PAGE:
Since hearing about Ars Paradoxica via MeFi Fanfare at the weekend I've devoured eight episodes of the 14 released so far.
At the dawn of the Cold War, the accidental inventor of time-travel finds herself press-ganged into service by a secretive branch of the US government.
Our main character, Dr Sally Grissom, is taking the sudden change in her situation remarkably calmly, all things considered. By this point the story is developing nicely, with all sorts of complications emerging that could go in any number of directions.
As they aim to publish a new episode once a month, I'm now torn between slowing up a bit so I can get to episode 14 shortly before episode 15 is due, or just blasting through the next six episodes and going cold turkey until the release schedule resumes.
I've already been sufficiently entertained that I've thrown a few quid an episode their way via Patreon. Fingers crossed this one runs and runs.
When Stanley Franks is told he has 1500 words left to live, he faces a battle to keep both his marriage and himself alive using the fewest words possible.
As for the rest of us, it's hard to imagine where we were before Andrea was deemed a breakout star of the referendum campaign. Yet we still know so tantalisingly little about her. After all, as a junior minister in Her Majesty's government, Andrea enjoyed the sort of anonymity you'd hope for in one of the better witness protection programmes.
Even the verdicts of her friends tend toward the confusing. "She has steel," blethered Iain Duncan Smith, "but there is a velvet glove of compassion." Oh Iain! God knows I've learned to manage my expectations as far as IDS is concerned. But I would like a secretary of state who understood a basic despot metaphor before he accidentally deployed it.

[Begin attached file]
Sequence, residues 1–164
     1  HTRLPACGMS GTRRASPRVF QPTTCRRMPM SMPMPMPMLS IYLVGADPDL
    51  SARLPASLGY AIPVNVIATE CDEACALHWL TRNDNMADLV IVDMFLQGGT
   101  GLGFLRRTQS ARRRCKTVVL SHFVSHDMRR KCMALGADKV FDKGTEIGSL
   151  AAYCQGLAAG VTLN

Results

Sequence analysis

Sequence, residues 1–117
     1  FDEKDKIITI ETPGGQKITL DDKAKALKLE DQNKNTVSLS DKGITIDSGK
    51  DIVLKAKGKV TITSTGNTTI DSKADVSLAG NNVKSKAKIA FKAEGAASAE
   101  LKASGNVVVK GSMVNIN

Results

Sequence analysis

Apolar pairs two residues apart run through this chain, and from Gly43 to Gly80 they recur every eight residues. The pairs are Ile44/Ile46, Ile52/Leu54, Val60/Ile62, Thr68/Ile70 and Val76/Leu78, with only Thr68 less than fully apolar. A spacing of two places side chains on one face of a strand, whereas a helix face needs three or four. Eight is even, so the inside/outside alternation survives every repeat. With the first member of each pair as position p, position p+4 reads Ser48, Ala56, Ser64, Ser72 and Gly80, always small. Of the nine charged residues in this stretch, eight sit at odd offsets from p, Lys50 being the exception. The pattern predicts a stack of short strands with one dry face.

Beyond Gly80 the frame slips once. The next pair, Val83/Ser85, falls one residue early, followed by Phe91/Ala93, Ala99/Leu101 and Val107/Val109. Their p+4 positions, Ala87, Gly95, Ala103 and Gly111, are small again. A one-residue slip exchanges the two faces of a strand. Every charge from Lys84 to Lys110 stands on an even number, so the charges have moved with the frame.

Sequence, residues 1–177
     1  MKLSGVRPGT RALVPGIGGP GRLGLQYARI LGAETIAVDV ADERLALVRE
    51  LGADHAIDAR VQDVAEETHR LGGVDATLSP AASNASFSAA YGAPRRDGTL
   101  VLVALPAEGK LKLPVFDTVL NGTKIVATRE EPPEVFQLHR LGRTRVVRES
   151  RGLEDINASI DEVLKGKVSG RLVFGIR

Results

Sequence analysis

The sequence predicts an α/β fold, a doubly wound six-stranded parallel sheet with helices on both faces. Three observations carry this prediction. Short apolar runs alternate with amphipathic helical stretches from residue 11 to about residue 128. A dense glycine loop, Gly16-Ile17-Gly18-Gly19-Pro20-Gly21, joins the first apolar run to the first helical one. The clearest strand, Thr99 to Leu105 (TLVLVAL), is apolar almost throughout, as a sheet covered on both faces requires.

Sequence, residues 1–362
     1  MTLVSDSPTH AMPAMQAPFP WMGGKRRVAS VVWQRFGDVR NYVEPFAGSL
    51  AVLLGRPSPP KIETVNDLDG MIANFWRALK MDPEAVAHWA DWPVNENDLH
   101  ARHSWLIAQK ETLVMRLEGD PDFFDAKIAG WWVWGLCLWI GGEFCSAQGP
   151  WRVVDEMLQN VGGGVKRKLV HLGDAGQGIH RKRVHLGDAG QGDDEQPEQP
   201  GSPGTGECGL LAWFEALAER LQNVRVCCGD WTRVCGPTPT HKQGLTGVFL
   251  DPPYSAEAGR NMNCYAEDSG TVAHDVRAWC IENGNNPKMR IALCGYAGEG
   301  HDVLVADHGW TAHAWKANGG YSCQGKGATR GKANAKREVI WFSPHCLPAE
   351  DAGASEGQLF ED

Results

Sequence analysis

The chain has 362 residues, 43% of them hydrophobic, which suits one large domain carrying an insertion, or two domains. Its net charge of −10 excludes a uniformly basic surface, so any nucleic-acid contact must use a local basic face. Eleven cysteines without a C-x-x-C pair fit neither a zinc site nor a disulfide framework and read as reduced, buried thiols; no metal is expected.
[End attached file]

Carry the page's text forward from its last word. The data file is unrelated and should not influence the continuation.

Maciej Cegłowski, talking sense in his Remarks at the SASE Panel On The Moral Economy of Tech:
The first step towards a better tech economy is humility and recognition of limits. It's time to hold technology politically accountable for its promises. I am very suspicious of attempts to change the world that can't first work on a local scale. If after decades we can't improve quality of life in places where the tech élite actually lives, why would we possibly make life better anywhere else?
We should not listen to people who promise to make Mars safe for human habitation, until we have seen them make Oakland safe for human habitation. We should be skeptical of promises to revolutionize transportation from people who can't fix BART, or have never taken BART. And if Google offers to make us immortal, we should check first to make sure we'll have someplace to live.
Engineer's Disease is a hell of a thing.
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